Issue 6: April 2002


In his critique of the language of science as a “language under stress”, Roald Hoffmann, 1981 Chemistry Nobel laureate, exposes many of the problems faced when reading papers in chemistry journals.  In Science, Language and Poetry, he describes the way that the language and style of chemistry publications mask the historical sequence of events described, and expose the tensions within the subject, for instance between experimentalists and theorists, authors and readers and academics and industrial chemists.  For “chemistry” read “any other branch of science” and the importance of Hoffmann’s message is paramount in understanding how scientists communicate with each other.

In our last issue (January 2002), we published extracts from a report by Dominique Lecourt on proposals to teach philosophy of science to all university students in France.  In her paper in this issue, Marie-Geneviève Séré proposes that such teaching should be augmented by laboratory work concentrating on methodological and philosophical issues.  Classes would be given by researchers within each university, who would involve the students in their own work.  Not only would this enhance the student’s understanding of experimentation, but also perhaps the researcher’s understanding as well!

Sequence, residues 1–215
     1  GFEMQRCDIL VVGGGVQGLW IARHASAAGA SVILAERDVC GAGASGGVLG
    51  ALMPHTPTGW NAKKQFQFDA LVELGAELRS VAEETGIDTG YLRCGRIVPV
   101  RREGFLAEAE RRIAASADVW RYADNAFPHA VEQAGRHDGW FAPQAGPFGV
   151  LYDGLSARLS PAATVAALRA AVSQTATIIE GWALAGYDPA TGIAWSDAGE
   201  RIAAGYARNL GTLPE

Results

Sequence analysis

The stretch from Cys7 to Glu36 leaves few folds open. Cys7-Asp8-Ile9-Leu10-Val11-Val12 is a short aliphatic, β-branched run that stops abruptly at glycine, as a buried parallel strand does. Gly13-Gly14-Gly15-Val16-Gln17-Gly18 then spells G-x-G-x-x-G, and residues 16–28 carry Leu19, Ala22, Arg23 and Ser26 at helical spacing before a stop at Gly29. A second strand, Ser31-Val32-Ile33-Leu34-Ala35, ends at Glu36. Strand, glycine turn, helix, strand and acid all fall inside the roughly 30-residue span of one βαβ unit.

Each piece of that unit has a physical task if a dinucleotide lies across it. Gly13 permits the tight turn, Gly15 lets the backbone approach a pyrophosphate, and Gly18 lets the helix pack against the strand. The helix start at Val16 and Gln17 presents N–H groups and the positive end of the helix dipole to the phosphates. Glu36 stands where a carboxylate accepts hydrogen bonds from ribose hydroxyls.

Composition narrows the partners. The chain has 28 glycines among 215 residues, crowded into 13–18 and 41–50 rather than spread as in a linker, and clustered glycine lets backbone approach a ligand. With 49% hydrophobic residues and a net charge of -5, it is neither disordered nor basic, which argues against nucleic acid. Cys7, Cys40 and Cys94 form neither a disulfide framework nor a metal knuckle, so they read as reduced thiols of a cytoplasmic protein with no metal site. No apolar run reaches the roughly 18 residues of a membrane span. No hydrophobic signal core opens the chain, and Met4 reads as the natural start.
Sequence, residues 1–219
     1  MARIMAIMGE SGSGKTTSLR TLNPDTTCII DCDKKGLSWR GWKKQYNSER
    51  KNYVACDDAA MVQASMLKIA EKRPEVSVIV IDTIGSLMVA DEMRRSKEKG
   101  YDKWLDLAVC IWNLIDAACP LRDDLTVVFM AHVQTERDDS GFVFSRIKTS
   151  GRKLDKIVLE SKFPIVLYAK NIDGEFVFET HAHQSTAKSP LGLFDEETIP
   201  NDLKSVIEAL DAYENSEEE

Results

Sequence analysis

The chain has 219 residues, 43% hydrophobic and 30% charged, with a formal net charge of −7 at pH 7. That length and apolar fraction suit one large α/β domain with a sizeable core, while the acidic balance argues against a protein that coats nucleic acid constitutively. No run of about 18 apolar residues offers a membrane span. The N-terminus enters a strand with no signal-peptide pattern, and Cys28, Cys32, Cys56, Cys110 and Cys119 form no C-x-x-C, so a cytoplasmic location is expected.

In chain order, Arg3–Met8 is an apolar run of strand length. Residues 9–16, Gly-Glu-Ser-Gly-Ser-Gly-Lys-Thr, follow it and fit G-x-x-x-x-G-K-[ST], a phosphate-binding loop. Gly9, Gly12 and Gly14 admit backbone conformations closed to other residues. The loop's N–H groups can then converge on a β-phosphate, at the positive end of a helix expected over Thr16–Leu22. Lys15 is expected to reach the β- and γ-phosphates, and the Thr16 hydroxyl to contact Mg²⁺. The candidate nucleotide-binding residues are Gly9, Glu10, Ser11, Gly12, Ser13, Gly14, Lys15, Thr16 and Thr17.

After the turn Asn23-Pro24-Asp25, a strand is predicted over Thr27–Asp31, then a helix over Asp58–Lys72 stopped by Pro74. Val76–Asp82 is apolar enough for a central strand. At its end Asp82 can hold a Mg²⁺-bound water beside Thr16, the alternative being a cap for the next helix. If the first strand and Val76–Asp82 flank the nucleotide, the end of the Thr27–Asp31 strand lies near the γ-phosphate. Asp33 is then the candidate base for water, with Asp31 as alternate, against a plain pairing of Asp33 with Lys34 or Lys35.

More and more scientists are being encouraged to engage with the public about their work.  All the different interest groups – journalists, scientists, citizens and politicians - have their parts to play.  In The Future of Science Communication Wolfgang Goede, science news editor at P.M. magazine, maps out the future pattern of this trend and its importance for society.

A practical application of scientists and interest groups working together in a positive way is promoted by Ida-Elisabeth Andersen and Birgit Jaeger.  In Danish Participatory Models they describe a method of opening lines of communication between policy-makers, experts and ordinary citizens, which has been successfully applied in many countries around the world.  There are many issues of public importance where the underlying science is marginalized in favour of screaming headlines and obfuscation – Andersen and Jaeger show us that there is a better way.

Nigel Sanitt



Science, Language and Poetry, Roald Hoffmann
Teaching Philosophy of Science in France.  Which type of didactical strategy? Marie-Geneviève Séré
The Future of Science Communication, Wolfgang C. Goede
Danish Participatory Models, Ida-Elisabeth Andersen and Birgit Jaeger

Book Review

Physics, The Human Adventure, Gerald Holton and Stephen G. Brush

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